When we talk about scheduling in the skilled trades industry, we're actually talking about several types of schedules.
Job or project scheduling
When you're looking into scheduling options, it's worth considering how it handles each of these elements.
A reliable system of worker scheduling is going to need to incorporate keeping track of which workers have which skill sets, their availability, and their proximity to the job sites.
In many skilled trades companies, this sort of information is tracked semi-informally by office staff, maybe with a list somewhere of people's schedules for availability. Obviously, this system can work "well enough", but it's hard to get reliable results, and it leaves valuable institutional knowledge (that's important to your business) with limited (if any) documentation.
If your scheduling system has a problem handling scheduling workers, you're going to have a hard time responding to new job orders; you're not going to easily get a good picture of which workers, or how many, are available (and how reliably). It's also going to be a challenge for your employees, who are going to have to check in regularly to ensure their information is accurate; recurring scheduling conflicts cause upheavals for your workers, harming your relationship with them.
An excellent scheduling system means that your office staff can answer new work order requests immediately and accurately, and that your workers can rely on your office staff. Availability and reliability like that is critical to both your customers and your employees!
Project scheduling, in the sense that were going to discuss it today, refers to skilled trade tasks with predictable frequency, that you can (and should) be able to plan out ahead of time, and helps ensure that all the resources (skills, tools, supplies, parts) your people are going to need are available before they're needed.
A failure in planning for these types of tasks ahead of time leads to dissatisfaction among some of your most valuable and recurring clients. Clients will notice of your people need multiple visits to the site, don't bring the tools that are going to be required, or need to order supplies they should have anticipated needing.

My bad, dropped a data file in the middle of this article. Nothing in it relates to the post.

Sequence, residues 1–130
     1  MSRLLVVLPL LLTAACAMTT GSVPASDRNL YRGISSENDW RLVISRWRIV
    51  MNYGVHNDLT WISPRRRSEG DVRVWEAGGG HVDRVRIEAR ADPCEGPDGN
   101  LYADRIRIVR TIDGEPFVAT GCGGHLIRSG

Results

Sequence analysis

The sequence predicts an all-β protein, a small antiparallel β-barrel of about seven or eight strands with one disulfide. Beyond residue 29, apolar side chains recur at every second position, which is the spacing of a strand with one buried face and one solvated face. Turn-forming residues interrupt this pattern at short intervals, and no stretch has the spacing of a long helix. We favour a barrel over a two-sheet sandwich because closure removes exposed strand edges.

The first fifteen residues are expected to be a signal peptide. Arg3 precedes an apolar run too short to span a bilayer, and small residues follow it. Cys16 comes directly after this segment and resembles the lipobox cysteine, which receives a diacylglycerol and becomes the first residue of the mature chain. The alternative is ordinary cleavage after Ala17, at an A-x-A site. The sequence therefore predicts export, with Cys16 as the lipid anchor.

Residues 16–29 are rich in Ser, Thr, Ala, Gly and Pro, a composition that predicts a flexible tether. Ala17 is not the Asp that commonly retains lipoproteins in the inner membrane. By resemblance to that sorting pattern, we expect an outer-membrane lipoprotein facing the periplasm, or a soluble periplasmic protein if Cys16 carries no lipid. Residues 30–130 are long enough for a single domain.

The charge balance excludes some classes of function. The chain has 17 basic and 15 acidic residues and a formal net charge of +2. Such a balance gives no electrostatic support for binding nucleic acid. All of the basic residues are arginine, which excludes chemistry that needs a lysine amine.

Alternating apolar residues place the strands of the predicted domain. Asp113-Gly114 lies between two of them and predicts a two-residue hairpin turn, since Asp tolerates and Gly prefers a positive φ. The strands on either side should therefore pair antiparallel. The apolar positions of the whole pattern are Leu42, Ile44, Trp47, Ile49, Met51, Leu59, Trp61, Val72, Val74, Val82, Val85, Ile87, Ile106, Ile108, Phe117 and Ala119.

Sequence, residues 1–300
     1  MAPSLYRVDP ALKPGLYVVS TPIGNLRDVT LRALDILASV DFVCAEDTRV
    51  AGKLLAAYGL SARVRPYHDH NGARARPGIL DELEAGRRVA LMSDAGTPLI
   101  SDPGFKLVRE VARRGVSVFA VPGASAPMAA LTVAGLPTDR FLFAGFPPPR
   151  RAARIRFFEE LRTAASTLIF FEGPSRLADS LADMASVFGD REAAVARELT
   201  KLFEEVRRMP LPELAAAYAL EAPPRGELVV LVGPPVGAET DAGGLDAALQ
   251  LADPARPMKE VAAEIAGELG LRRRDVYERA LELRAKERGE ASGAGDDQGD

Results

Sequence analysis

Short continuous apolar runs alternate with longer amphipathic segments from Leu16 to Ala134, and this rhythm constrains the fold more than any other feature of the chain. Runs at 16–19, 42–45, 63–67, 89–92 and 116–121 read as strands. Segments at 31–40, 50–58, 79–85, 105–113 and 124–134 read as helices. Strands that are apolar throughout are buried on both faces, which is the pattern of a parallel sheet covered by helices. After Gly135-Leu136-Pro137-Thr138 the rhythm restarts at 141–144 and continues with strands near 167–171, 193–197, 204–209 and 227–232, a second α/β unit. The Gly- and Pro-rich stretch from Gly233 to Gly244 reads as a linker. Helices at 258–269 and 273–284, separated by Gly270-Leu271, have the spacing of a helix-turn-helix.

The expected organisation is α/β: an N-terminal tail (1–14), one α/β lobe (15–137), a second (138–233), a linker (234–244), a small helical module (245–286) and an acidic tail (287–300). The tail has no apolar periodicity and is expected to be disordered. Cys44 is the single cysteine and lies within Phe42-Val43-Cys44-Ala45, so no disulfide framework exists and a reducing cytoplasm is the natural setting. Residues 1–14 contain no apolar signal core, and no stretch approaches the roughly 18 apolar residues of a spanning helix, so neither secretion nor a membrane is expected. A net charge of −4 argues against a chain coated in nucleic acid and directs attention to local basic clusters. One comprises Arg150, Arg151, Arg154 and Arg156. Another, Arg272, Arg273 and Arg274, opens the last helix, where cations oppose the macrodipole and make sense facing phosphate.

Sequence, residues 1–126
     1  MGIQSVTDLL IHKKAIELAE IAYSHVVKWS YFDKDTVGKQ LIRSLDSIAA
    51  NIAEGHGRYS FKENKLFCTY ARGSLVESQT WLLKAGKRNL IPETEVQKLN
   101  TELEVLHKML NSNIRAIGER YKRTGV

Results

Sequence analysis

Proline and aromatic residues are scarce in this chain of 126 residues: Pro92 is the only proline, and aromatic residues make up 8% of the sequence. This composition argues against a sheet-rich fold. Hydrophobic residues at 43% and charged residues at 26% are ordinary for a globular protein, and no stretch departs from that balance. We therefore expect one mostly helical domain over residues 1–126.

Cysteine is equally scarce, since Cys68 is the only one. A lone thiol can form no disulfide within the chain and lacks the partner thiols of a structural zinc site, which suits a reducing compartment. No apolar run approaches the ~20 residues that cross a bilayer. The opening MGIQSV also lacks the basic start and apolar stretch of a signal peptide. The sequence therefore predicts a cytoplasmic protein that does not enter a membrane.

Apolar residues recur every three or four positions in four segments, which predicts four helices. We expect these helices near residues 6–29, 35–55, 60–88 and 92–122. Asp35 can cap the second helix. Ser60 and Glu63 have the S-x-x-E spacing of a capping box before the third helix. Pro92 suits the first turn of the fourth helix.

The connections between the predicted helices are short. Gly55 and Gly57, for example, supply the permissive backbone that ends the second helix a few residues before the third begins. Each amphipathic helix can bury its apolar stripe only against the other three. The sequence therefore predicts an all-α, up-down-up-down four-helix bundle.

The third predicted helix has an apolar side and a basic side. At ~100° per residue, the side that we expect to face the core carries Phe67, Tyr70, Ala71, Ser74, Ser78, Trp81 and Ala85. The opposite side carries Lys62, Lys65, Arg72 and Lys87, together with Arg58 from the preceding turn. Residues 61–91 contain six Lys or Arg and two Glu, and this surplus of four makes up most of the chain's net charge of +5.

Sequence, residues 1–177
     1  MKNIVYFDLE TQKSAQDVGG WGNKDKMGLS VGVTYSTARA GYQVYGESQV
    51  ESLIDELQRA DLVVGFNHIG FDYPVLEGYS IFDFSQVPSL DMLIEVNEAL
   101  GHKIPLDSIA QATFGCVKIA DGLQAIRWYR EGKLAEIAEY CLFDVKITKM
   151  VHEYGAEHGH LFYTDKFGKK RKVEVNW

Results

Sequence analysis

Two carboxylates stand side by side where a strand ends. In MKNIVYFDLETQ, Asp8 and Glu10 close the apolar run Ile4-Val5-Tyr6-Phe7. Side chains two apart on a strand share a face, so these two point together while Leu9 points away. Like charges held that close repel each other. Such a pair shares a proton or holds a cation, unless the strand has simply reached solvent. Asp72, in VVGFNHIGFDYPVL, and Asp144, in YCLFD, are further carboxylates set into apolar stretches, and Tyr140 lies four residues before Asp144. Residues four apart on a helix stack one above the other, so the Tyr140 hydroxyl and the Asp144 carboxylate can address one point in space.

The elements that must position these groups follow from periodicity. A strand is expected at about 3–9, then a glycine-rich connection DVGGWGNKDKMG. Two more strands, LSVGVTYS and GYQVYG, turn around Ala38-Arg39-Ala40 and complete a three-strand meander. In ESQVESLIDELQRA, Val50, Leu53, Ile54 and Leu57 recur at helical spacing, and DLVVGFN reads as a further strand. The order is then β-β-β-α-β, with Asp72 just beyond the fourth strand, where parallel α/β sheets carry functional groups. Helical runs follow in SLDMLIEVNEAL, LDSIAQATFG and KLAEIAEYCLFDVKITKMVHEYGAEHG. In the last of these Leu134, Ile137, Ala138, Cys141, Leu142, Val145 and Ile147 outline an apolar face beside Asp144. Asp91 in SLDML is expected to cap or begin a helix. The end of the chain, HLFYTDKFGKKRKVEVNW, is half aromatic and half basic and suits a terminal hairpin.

An excellent scheduling system helps co-ordinate resources between projects. This can mean arranging multiple preventative maintenance calls at the same site to take place on the same day, or co-ordinating them across several sites to fit your workers schedules, alongside making sure you have all the supplies and parts required before they're needed by your customers.
If worker scheduling is where your people are, and project scheduling says when they're going to be there, then task scheduling is what they do while they're there.
Without a suitable task list, the tasks might not be completed to your customer's satisfaction. Your employees can't insure they bring all the supplies and equipment they need to complete the work without a full task list. And an incomplete or inaccurate task list might not include your clients specific preferences, reducing their satisfaction with your company's work.
A detailed task list makes it easier for your skilled workers to get their work done promptly, saving you time and money. It helps your employees make sure the job is completed correctly, preventing return visits. And it can make sure the task is completed to your customer's specifications, helping keep your customers happy with your company's work.
As we've discussed here, the difference between a poor, or even just passable, scheduling system, and an extraordinary one, can be a wide gulf. Ensuring your system is the best it can be is important to the success of your business, and neglecting your scheduling system courts disaster.
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